When New York native Rick Krouner purchased his Grace Bay condo, now his third home, he was so impressed by the hotel’s infrastructure that he bought it sight unseen. “One of the fears of investing in an island is wondering if they are going to get it together. But [Grace Bay] is already in the hospitality business, so I was confident.”
Nearly all the villas and condominiums purchased in the Turks and Caicos serve as either second or third homes. But, according to Durliat, there is one particular age group behind the recent string of purchases. “You can’t ignore the fact that baby boomers are in their prime buying years,” he says.
One of the first to capitalise on the spending spree was Ritz Carlton with its Molasses Reef project on West Caicos. Just a year away from completing phase one, this project includes a 60,000 sq ft hotel, dozens of island villa residences (prices start at $2.4m), a marina, shopping mall, an SUV driving school and a tennis academy.
But it is the Turks and Caicos’ newest five-star project, Dellis Cay, which stands on just 560 acres, that has received the most attention. By the time it is completed in 2010 it will include a Mandarin Oriental hotel and spa as well as 70 villas and beach houses designed by such “starchitects” as Zaha Hadid, Piero Lissoni, David Chipperfield, Shigeru Ban, Kengo Kuma and Carl Ettensperger. Sales revenue for the project is currently estimated at $1bn.
Victoria’s Secret creative director Ed Razek was the fourth person to purchase a Piero Lissoni beachfront property when Dellis Cay was announced in 2007.
While the asking price for the villas ranges between $7m and $9m, Razek is quick to note: “If you did a project like this on your own, you would be lucky to come in at three times the number. And anything like this on the islands surrounding the Turks and Caicos would cost dramatically more.”
The strength of the pound made it easier for publisher Timothy Weller to purchase a home on the Turks and Caicos Sporting Club at Ambergris Cay but it wasn’t why he chose the 3.5 sq mile cay for his third home. “We fell in love with what is going on at the island and wanted to be part of it from the beginning,” says Weller from his London home.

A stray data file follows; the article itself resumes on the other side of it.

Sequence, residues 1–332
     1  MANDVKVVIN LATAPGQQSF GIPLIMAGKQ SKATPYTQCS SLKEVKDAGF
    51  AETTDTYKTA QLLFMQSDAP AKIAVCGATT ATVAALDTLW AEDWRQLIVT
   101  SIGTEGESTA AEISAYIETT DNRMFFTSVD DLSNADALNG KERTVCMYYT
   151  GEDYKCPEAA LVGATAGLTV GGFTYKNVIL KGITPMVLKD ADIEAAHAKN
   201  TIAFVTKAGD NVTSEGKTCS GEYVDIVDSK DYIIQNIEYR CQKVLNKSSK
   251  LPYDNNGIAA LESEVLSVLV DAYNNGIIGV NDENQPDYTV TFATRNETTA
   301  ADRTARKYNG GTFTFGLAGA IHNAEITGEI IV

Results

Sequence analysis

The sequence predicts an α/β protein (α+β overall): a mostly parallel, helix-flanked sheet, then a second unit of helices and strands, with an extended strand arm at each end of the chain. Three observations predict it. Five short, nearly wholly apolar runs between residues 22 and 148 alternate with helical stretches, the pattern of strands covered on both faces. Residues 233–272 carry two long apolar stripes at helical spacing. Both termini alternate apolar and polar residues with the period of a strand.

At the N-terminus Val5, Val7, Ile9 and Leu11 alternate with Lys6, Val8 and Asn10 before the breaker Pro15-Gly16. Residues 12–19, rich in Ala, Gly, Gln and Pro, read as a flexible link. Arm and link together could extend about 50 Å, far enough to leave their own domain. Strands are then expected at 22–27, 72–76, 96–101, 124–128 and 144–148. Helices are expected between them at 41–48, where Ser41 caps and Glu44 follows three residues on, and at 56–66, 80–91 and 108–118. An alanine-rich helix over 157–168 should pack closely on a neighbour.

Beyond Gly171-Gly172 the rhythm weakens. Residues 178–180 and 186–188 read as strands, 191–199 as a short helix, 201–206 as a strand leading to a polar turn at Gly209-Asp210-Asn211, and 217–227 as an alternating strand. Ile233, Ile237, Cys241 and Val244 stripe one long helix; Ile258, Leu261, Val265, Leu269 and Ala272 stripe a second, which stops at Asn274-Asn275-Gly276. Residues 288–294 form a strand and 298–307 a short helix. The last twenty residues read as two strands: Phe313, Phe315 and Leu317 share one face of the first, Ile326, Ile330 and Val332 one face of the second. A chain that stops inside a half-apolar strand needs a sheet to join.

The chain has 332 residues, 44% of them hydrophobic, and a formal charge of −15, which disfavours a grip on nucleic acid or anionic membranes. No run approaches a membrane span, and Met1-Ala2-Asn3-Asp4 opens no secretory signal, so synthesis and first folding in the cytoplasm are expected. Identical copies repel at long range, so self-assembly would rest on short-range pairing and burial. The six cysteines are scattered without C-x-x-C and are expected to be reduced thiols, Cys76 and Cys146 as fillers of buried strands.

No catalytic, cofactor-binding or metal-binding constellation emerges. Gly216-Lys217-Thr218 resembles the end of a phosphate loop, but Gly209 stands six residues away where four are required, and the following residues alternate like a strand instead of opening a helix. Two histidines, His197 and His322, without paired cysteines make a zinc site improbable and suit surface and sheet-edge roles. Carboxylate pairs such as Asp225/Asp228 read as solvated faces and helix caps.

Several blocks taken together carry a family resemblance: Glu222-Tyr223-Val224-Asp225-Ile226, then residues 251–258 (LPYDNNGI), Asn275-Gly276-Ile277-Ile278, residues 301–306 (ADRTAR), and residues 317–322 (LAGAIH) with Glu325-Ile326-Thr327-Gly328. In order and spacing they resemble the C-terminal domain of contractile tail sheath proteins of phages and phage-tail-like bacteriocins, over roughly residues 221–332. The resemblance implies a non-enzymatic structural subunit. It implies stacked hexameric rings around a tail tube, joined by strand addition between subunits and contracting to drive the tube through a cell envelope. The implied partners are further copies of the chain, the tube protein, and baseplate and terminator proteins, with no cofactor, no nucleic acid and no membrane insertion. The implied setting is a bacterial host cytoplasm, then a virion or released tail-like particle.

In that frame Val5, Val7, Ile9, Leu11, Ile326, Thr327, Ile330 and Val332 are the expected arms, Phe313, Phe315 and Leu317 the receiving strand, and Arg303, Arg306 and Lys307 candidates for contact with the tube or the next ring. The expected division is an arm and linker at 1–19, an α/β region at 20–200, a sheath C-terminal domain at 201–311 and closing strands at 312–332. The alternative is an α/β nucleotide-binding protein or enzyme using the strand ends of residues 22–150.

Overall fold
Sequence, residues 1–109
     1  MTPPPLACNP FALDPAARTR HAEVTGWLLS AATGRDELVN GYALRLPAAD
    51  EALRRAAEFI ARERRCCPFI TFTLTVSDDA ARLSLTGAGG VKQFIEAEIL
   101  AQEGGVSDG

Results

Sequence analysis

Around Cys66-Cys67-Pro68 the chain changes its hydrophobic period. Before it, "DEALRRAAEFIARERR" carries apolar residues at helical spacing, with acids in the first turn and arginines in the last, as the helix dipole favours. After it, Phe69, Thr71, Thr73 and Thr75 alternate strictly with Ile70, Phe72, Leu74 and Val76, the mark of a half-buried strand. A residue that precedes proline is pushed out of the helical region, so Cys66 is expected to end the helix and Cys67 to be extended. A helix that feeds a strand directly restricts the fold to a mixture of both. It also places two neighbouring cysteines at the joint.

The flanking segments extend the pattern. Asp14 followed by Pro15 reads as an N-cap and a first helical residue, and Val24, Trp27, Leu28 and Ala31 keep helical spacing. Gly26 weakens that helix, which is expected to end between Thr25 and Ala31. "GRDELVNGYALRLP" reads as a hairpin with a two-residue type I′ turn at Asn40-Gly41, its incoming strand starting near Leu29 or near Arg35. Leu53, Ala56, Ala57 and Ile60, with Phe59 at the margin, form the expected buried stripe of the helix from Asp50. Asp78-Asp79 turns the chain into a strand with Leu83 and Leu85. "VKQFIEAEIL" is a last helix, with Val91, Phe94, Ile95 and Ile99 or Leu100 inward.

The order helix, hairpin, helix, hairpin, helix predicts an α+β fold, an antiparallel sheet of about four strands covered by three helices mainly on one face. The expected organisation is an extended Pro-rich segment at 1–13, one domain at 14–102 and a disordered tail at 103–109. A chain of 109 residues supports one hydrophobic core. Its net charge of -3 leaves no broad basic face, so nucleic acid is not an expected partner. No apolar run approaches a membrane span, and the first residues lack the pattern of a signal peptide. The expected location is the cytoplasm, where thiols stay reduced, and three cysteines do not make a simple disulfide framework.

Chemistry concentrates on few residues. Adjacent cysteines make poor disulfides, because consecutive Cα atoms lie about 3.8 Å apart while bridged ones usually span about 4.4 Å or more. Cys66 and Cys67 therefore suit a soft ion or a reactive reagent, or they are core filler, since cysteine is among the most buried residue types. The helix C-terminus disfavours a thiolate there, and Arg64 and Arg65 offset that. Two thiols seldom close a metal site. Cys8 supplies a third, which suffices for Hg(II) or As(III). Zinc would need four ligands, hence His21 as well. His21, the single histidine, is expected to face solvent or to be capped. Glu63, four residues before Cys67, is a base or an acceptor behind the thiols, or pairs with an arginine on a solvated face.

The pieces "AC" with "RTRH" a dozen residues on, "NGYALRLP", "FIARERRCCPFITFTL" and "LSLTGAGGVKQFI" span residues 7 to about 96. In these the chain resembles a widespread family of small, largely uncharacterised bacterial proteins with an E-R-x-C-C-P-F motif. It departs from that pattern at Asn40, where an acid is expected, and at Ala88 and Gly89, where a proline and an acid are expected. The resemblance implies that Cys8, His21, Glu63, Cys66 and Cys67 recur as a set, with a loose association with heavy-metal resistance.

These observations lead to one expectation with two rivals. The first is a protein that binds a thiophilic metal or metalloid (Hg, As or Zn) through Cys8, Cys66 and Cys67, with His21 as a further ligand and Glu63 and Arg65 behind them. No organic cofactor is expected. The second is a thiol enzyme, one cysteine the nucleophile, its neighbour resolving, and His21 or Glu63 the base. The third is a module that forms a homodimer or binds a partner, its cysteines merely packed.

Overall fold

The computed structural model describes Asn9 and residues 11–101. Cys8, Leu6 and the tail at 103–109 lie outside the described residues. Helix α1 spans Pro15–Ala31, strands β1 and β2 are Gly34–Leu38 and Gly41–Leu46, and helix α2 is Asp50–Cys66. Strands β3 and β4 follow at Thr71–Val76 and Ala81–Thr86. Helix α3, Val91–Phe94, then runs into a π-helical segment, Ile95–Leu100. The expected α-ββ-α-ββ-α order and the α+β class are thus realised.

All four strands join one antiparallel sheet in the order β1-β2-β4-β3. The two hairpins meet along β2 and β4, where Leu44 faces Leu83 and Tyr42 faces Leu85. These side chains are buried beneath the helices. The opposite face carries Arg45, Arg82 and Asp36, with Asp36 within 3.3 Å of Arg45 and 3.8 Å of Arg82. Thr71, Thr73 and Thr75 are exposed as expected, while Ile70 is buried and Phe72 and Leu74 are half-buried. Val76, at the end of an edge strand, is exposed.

Each development is accessible by boat but only the Sporting Club boasts a private airstrip, the largest in the Caribbean. There is no hotel, making it the most exclusive scheme in the Turks and Caicos today. Amenities include a spa, equestrian centre, lodge, marina and nature reserve.
Topping his list of reasons for purchasing the property, Weller cites the project’s simple purchasing process. In fact, he found the procedure so uncomplicated he bought another piece of land on the other side of the cay in hopes of developing it at a future date. “Everything is done without you even having to think about it,” says Weller. “It’s probably easier buying a house there than in the English countryside.”
The Estate at Grace Bay Club, tel: +1 649 9468323,www.estateatgracebayclub.com
Ritz Carlton Molasses Reef, tel: +1 649 9417480, www.molassesreef.com
Dellis Cay, tel: +1 649 9417201, www.delliscay.com
Turks and Caicos Sporting Club, tel: +44 (0)207664 8811, www.lifewellplayed.com